A new report identifies India as one of the most promising countries in Asia for collaboration in the humanities.
The two-volume report published by the Australian Academy of the Humanities, Australian-Asian Research Collaborations in the Humanities: Mapping the Present, Planning the Future outlines current and future opportunities for humanities research collaboration between Australia and select Asian countries, including India.
The contents can support both researchers and policy makers to make evidence-based assessments about emerging opportunities for engagement with partners across the Asian region. The first volume of the report outlines 12 opportunities to boost collaboration, including growing research networks, a collaborative humanities data collection process, and recognising the vital role that diaspora researchers play in leading international collaborations.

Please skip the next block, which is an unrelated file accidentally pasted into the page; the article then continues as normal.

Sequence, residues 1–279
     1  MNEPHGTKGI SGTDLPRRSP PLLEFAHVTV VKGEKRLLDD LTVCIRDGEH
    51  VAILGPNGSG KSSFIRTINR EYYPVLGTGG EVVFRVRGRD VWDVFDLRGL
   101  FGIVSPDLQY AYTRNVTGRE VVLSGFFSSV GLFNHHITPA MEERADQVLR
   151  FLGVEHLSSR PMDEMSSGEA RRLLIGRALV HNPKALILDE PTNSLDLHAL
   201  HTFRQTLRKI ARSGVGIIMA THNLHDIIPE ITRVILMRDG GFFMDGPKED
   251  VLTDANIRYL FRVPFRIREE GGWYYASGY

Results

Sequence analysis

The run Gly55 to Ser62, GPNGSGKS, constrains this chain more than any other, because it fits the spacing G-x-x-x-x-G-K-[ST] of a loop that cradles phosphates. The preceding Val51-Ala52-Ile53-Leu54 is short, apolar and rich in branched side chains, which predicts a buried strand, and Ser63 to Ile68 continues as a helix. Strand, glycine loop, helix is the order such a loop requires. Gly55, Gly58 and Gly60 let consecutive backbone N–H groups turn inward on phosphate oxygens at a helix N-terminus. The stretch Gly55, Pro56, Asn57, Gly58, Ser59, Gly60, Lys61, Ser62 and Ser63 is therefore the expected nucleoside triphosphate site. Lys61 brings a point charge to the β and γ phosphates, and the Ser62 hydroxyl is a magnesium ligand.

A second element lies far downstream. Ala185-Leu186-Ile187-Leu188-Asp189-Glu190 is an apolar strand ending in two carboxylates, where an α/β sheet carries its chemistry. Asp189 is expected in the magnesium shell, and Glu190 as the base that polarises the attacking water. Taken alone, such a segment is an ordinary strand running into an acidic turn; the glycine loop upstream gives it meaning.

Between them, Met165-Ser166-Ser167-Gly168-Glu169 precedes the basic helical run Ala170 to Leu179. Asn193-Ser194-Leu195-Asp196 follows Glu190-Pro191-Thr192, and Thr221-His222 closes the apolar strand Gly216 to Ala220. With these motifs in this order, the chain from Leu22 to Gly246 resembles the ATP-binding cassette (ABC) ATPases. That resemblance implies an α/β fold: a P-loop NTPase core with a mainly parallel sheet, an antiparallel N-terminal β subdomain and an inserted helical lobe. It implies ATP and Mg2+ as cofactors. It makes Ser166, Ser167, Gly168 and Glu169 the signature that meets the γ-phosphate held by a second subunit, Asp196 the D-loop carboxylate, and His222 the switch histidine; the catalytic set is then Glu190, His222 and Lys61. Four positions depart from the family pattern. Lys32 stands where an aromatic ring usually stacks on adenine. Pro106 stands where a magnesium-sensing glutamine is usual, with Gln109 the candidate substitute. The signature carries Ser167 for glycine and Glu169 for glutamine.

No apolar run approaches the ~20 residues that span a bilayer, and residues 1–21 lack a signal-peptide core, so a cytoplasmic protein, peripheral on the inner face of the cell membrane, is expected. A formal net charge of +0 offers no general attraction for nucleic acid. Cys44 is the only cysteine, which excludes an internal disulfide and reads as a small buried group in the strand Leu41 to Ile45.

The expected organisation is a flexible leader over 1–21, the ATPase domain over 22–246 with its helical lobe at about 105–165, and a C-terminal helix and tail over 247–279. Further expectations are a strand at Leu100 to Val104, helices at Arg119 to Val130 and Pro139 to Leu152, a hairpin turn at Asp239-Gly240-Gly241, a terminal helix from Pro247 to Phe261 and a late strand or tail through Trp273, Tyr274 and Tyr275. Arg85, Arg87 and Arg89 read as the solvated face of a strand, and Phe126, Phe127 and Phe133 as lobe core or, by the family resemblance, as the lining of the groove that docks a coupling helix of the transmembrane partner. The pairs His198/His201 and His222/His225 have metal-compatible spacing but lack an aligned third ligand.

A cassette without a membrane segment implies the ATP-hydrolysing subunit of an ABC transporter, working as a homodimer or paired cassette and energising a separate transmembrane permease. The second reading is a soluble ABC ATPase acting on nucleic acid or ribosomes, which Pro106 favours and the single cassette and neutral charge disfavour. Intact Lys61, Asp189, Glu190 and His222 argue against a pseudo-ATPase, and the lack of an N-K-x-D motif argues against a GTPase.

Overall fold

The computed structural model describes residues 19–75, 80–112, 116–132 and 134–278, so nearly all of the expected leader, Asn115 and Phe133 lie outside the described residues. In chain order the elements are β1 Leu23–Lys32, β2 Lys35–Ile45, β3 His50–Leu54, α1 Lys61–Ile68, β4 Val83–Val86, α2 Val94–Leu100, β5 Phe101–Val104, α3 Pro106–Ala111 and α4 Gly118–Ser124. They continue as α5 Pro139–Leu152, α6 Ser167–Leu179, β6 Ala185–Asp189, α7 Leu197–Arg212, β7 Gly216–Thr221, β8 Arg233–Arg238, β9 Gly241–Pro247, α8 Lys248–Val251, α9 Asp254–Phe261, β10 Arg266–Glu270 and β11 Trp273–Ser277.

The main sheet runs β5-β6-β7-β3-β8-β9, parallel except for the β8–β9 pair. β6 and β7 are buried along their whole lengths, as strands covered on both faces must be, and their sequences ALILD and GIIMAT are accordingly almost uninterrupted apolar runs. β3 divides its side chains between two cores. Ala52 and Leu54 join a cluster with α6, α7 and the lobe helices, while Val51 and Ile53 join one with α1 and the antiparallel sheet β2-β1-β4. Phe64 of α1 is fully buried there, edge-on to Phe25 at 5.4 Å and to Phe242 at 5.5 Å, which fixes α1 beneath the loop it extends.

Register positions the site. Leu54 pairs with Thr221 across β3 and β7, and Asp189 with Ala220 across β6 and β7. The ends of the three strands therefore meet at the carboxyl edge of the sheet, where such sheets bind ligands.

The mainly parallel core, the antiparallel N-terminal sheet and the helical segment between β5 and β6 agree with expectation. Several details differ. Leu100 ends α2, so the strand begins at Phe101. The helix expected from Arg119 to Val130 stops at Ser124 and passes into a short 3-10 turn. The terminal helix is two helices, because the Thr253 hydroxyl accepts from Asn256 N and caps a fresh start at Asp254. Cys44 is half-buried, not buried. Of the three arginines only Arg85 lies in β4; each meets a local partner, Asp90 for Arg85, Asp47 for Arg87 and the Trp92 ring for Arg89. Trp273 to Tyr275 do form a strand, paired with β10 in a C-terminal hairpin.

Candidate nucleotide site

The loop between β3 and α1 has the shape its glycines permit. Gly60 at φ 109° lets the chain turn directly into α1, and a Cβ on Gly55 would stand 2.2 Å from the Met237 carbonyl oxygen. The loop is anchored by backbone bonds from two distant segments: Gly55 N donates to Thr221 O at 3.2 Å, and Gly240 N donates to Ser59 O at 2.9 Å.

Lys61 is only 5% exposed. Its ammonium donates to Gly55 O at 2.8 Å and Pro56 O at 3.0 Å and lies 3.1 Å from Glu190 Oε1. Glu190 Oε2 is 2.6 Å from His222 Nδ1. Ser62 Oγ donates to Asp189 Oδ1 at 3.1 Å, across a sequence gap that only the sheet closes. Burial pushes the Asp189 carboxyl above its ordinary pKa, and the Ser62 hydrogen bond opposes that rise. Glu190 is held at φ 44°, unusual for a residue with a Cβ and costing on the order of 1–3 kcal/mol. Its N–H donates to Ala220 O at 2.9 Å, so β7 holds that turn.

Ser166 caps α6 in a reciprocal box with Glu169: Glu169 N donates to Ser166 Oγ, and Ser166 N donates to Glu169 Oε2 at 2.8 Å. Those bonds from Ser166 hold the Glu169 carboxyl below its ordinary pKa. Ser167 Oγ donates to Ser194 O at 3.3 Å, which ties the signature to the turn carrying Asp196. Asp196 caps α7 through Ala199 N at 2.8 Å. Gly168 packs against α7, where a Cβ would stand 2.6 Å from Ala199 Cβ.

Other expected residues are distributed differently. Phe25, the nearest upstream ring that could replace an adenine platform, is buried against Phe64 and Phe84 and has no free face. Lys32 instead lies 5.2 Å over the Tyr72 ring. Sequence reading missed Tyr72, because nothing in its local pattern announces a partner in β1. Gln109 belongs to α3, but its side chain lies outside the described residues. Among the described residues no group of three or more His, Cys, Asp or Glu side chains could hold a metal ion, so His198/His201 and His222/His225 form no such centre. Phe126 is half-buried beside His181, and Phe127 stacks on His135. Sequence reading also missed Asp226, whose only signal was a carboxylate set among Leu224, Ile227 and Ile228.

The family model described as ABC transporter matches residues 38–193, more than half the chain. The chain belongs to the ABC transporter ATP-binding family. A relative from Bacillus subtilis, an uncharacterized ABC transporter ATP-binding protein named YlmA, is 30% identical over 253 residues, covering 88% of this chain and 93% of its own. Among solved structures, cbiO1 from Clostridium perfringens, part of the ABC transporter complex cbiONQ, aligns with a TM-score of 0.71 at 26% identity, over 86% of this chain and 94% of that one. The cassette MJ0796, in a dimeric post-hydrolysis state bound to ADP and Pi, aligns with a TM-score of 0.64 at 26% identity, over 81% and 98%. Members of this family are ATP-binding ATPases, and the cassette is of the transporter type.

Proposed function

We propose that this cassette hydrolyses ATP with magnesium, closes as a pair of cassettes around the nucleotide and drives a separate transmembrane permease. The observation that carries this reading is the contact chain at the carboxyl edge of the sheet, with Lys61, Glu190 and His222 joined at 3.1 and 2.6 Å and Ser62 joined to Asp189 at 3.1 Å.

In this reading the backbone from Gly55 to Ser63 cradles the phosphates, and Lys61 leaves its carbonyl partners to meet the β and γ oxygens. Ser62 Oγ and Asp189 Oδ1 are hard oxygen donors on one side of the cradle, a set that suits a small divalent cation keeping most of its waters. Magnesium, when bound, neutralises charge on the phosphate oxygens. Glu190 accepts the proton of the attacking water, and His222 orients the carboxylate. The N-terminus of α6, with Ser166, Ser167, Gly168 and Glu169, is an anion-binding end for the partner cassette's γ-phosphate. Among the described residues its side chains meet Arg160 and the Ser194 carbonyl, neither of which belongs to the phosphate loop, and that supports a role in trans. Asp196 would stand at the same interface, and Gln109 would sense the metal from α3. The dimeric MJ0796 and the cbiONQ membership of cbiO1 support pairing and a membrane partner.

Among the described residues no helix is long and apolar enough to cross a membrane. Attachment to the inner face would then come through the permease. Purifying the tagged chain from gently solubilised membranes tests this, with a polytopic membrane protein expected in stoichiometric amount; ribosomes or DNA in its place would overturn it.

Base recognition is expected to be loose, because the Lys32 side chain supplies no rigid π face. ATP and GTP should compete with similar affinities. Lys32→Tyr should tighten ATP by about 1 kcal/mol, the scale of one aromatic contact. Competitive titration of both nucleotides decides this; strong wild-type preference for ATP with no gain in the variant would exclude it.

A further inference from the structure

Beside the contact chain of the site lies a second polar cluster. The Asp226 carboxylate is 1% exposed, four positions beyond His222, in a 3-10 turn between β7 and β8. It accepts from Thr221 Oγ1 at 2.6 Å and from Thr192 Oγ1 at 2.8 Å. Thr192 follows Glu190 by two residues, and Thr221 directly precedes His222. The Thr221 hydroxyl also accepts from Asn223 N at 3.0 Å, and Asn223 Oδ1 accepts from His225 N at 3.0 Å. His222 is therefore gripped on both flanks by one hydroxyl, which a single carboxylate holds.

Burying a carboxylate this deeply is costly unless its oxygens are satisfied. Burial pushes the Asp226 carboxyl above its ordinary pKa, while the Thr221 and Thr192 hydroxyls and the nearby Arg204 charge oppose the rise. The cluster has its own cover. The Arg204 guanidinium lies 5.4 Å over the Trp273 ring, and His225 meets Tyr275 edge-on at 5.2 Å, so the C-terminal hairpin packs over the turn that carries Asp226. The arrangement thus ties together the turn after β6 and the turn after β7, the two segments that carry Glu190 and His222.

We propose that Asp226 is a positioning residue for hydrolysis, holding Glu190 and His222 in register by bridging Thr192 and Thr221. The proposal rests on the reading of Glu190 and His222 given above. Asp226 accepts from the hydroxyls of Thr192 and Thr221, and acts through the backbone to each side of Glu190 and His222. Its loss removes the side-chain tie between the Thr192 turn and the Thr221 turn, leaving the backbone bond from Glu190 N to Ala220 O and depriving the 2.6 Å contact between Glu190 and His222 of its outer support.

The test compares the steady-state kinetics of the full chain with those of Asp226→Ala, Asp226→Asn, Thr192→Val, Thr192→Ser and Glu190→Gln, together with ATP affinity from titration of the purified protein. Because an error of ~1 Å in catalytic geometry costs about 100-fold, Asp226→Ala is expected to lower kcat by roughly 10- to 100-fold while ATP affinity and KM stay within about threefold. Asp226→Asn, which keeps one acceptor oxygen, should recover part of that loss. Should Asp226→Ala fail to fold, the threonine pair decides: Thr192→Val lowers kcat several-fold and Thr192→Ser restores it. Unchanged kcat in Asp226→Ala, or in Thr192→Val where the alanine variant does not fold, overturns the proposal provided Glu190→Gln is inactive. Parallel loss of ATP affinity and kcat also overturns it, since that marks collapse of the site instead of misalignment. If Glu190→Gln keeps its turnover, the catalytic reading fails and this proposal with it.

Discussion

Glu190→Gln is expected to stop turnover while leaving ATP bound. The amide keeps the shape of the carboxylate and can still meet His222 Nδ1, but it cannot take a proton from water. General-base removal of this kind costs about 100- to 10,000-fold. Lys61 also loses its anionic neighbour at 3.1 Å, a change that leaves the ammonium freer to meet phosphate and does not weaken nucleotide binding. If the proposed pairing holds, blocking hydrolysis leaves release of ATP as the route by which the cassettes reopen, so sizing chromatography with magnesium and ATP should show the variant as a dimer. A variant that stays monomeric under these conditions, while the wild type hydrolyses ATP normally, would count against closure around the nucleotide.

It also includes a chapter exploring humanities research in India. Written by the Australia India Institute's Brigid Freeman and introduced by National University of Singapore's Professor Robin Jeffrey, the chapter covers humanities research policy, funding and incentives, international engagement and more.
India's predominant use of English in higher education settings, emerging strengths in digital, environmental and public humanities, and investments made through its Scheme for the Promotion of Academic and Research Collaboration (prior to COVID-19), make it an ideal country for collaborations in the humanities.